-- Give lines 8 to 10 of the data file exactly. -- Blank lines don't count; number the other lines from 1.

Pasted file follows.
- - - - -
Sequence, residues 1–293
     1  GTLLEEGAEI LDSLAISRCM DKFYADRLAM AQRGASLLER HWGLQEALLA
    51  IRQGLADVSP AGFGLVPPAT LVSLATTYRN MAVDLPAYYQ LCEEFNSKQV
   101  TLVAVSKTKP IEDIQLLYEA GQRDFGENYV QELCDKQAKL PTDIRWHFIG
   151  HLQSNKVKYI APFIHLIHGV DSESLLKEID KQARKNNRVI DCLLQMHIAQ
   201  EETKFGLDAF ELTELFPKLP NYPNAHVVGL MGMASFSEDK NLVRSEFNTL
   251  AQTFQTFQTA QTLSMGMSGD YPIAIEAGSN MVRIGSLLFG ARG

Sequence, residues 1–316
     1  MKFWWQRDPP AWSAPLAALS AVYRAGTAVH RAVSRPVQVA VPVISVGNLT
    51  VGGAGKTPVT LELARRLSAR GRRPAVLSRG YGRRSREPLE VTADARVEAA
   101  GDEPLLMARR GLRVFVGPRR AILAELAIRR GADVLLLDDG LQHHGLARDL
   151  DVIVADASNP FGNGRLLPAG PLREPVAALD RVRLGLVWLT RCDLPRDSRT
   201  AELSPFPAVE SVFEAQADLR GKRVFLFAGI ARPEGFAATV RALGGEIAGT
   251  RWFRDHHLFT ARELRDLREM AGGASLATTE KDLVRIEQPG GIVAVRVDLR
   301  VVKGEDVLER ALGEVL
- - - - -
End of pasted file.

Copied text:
Sequence, residues 1–316
     1  MKFWWQRDPP AWSAPLAALS AVYRAGTAVH RAVSRPVQVA VPVISVGNLT
    51  VGGAGKTPVT LELARRLSAR GRRPAVLSRG YGRRSREPLE VTADARVEAA